Is it okay to be tired?
I haven’t felt well for a long time. I hang out with the doctor a lot now, and I’m starting to improve. He reminds me of House, but more attractive, and more socially awkward; House before his injury, maybe. There are a lot of tests and appointments to come. It’s all incredibly dull and uninteresting to everyone but me. There is no less compelling subject than the health problems of other people.
This past winter I was feeling so poorly I could not function enough to get through a day of office work. I didn’t know what was wrong with me yet. I thought I was just being lazy or that I was depressed. I tried to get through each day with some measure of success. Success came to mean being able to at least make dinner for my family. I would then tell them goodnight at six p.m. and go to sleep as soon as they started eating so I could get twelve hours of sleep. I needed twelve hours of sleep to live through the ensuing day.
I happened to meet with a wellness coach at work as part of a program wholly unrelated to anything going on with me. It was a Zoom meeting and I tried to ignore my own face, but we glowed side by side for an hour, suspended against one another in this disturbing pan-panopticon we’re all now forced to endure.
This wellness coach asked how I was doing and I said “I’m okay, but I’m so tired.” She scolded me for more than ten minutes. She described how ready we all are to resort to saying we’re tired. It’s a weakness society needs to overcome, she said, especially women. A defense mechanism. She said we need to project other, more powerful feelings. She said I was hurting my own children by saying things like that. How did I want them to remember me? As a woman full of vitality, or as someone who complained of being exhausted all the time?
In retrospect, it was not helpful.
There was also recently a deep loss and an emotional tragedy in my life, both so profound I began to cry in my sleep and wake up from dreams in which I was buried thousands of miles under the earth, dreams about the last day of my life stretching out lonely and endless before me. Again, dull. Drab. Maybe only the dreams of others surpass the tedium of health.
An acquaintance shared a moving quote to help me “feel better.” She said the quote was getting her through her days. I care for this person, and I’m glad she’s making it through each day with some measure of her own success. She has problems of her own; while they fail to excite me, I’m sure they consume her every waking moment.
I don’t like quotes. People who own little calendars and notebooks that express things to them bit by bit throughout the year, with no end or context in sight, will surely disagree with my opinion. They may use some of the quotes they’re armed with to debate me, and I’ll lose. Quotes make me uncomfortable because I’m not sure how I should feel about knowing something I haven’t learned. I would much rather try to read the whole part of everything and fail, and keep any lines or passages that seem meaningful along the way a secret just for myself. I often fear I misunderstand the things I read, which is no doubt a bitter relic of the peculiar childhood shame and mistreatment I uniquely suffered, and in order to avoid being discovered for my errors I no longer like to say what I think things mean. I would rather just quietly absorb my interpretations into myself until I forget where they came from; this, to me, is the idea of peace.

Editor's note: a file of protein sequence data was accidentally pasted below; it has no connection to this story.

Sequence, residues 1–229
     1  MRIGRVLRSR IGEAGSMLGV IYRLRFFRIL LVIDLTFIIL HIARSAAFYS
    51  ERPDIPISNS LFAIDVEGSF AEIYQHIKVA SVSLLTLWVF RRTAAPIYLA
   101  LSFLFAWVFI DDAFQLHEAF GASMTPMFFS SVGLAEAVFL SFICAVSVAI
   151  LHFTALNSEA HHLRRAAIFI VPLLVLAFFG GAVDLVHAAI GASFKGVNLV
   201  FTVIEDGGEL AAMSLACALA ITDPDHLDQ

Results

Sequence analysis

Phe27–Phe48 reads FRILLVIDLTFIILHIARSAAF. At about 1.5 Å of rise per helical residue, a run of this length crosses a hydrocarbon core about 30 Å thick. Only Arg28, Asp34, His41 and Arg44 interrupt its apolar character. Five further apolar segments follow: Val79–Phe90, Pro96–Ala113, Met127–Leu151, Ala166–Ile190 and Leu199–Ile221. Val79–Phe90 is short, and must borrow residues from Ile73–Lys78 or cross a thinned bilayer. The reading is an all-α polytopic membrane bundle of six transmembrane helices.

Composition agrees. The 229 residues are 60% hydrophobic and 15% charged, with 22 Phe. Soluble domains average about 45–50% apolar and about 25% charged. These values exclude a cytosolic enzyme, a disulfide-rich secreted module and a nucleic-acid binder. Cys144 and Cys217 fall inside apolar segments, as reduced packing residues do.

If I didn’t hate quotes (or especially because I do), by the way, a good quote from this letter would be:
Quotes make me uncomfortable because I’m not sure how I should feel about knowing something I haven’t learned.
A book I recently came across in the office where I work is particularly weird. Not quite quotes, but it’s in the same taxonomical category. It’s called Shakespeare for Every Day of the Year. My daughter, who doesn’t really love to read, had recently, miraculously, been enjoying The Tempest. She was enjoying it because she was making herself read and understand it. She was fighting through her boredom and getting a lot out of the text in spite of herself. It seemed to me the every-day Shakespeare book went contrary to the idea of Shakespeare’s plays, which I thought were designed for reading or watching all the way through, or at least pretending to. On the other hand, if you have already read all the Shakespeare there is, maybe this book is for you. It could constitute a nice trip down memory lane, or form the skeleton of a type of Shakespeare quiz show you could play against yourself.
I tried opening the book to the month and day it presently was to see if anything would happen to me. It was an excerpt from Troilus and Cressida, a play I have actually read. Hell, I’ve even read Chaucer’s Troilus and Criseyde. The excerpt didn’t seem to have anything to do with the day, the season, or the atmosphere of the office, or my state of mind. I left the book open on a table in a busy area to see if anyone would stop by and react to it. But the only people who walked by were on their way to lunch, or to ask me a question about how to do something. In fact, most people were working at home, comfortably, and remained ignorant of my test. Three weeks later, I returned to see the book open where I had left it on the same page. Maybe I’m all wrong. Maybe the excerpt started a movement and everyone has been reading it and getting a lot out of it. Maybe Troilus and Cressida is being discussed over coffee, helping alienated co-workers forge new relationships based on the themes of pride and scorn.
(This is from the tinyletter I write called Missed Connections at https://tinyletter.com/cgosnay/archive)